Signs along the road advertises Laguna Pacucha as the “Most beautiful lake in Peru”, which is obviously not true. But it is still a nice and quiet spot and a perfect place to have a look at the ‘depths of Peru’, where people still live as they used to 50 years ago. We tried to talk to an old lady who was taking her cows down to the water. Turned out …. she didn’t speak Spanish! Her only language was Quechua, the language of her father, grandfather and grand grandfather. So she just laughed in our face, said something we didn’t understand (there is a chance it was offending – how would we know?) and left. P1360455

Hundreds of years ago this area was inhabited by the Chanka people, at that time the power of Andes. It was a strong and brave nation, famous for being bloody in the battles and scalping their captives.  And the only one that was close to beating the Incas, feared by them so much that the Inca ruler, Viracocha, flew from Cusco when he saw the approaching Chanka army. But in the battle that took place the Chanka were defeated and the Inca imperium started to grow.

The ruins of Sondor are just the rests of the houses and a celebration pyramid. There is not much more than stones left after this powerful nation. P1360403

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Tracing Incas near Ayacucho

We found this place by chance. In the tourist information there was a photo of a temple, perfect stone work, so different from the other ruins we’ve seen around Ayacucho. I got excited immediately: “Where is it?? How do we get there???” .  “It’s an Inca temple in the village called Vilcashuaman, but it is far away from here, four hours on a bumpy road..” – the lady did not sound very enthusiastic..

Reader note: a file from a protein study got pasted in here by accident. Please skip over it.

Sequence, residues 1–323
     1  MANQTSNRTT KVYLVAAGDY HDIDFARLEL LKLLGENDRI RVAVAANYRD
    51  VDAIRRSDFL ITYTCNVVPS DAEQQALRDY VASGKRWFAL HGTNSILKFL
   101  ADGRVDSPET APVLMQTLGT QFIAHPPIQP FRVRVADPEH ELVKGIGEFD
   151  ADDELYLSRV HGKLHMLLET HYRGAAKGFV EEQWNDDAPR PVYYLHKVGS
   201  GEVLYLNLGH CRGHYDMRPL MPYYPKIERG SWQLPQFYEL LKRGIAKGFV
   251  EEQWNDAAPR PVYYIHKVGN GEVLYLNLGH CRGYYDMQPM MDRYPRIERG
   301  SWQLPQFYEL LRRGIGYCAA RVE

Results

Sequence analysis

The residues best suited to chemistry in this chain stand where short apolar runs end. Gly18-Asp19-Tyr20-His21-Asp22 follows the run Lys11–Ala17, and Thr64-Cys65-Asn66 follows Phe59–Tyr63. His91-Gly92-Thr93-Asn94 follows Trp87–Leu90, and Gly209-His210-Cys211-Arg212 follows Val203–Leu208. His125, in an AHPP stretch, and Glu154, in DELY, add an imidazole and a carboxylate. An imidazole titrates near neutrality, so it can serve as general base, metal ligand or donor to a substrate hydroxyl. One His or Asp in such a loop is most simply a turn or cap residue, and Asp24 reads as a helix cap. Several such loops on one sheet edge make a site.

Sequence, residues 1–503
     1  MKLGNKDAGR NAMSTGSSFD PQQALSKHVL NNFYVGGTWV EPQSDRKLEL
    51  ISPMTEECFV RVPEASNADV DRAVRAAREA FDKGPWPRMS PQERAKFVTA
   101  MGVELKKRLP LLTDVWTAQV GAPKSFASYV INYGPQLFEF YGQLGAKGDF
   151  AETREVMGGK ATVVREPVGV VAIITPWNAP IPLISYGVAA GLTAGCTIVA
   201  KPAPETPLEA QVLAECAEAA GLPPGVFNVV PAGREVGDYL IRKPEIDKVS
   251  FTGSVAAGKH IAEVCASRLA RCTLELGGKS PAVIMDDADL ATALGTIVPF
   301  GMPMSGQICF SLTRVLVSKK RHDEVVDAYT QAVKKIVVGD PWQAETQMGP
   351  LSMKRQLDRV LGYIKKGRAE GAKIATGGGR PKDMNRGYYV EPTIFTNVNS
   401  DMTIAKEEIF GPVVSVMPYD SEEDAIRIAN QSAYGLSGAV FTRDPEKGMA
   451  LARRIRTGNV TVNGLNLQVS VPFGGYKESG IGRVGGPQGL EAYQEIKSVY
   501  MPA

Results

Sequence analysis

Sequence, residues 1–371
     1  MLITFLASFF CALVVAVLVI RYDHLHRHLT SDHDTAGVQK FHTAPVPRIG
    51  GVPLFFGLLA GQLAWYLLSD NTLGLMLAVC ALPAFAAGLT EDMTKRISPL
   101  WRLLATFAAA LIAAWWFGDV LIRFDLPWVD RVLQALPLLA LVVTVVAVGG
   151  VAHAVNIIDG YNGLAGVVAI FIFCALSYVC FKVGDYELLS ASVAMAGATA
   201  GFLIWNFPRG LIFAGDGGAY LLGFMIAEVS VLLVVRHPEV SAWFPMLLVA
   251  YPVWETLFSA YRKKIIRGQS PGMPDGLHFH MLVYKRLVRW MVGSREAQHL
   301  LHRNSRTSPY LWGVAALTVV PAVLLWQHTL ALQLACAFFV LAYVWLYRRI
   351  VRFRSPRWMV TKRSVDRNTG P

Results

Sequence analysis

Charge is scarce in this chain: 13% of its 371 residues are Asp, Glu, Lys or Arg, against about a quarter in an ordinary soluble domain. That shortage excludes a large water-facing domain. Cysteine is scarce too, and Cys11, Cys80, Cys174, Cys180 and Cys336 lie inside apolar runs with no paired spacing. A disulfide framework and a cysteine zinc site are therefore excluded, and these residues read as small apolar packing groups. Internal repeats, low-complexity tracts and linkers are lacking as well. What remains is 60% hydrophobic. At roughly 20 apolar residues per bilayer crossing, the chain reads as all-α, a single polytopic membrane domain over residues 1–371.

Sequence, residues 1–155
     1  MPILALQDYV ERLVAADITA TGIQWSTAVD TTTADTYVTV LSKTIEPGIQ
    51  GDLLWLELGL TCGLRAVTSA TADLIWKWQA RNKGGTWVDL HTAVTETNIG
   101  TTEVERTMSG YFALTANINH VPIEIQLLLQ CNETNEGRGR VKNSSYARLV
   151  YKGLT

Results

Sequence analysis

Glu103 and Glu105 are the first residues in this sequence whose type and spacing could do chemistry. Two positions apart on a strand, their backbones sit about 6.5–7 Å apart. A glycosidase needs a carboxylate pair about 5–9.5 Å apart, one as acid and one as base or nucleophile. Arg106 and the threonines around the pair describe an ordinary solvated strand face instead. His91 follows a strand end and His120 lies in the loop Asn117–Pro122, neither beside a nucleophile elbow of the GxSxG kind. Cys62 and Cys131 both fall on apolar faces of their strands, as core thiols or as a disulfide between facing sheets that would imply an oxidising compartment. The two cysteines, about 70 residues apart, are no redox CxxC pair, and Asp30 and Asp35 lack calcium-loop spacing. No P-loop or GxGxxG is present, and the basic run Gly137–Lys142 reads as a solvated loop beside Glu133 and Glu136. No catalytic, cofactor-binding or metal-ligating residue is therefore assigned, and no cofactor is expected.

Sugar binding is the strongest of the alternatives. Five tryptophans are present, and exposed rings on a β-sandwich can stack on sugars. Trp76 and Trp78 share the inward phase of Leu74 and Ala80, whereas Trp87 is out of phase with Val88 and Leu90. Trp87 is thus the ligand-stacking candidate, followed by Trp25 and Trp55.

Next day early morning we were already sitting in the bus on our way to Vilcas, how the locals call it shortly.

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The way was indeed long, almost four hours over the sand roads up in the mountains. But it was also amazingly beautiful. The rain season has already started, so the slopes of the mountains were green and the rivers and stream where running down the valleys. Now and then there was a tiny village, no more than several simple clay houses.

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Vilcashuaman, the Sacred Hawk, would be just another boring village if not for the fact that it was built on an ancient Inca site. According to chronicles it used to be an Inca administration site, inhabited by some 40000 people, certainly more than live there now. After the place was conquered by the Spanish, the conquistadors built a catholic church directly on top of the temple. Just a step away are the moon temple and the Inca palace. Behind grow contemporary houses. Children play on the sacred walls as if there was nothing special about them. The temples became a part of the village.

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It was the first Inca site I saw in Peru and I was completely taken by it. The astonishing stonework, hard rock parts fitting each other like puzzle pieces. Absolutely perfect. Flawless. How did they managed to do it, five centuries ago? Which technique did they use? We simply don’t now. Scientists until now come up with contradicting theories. What a shame that this impressive knowledge has been lost..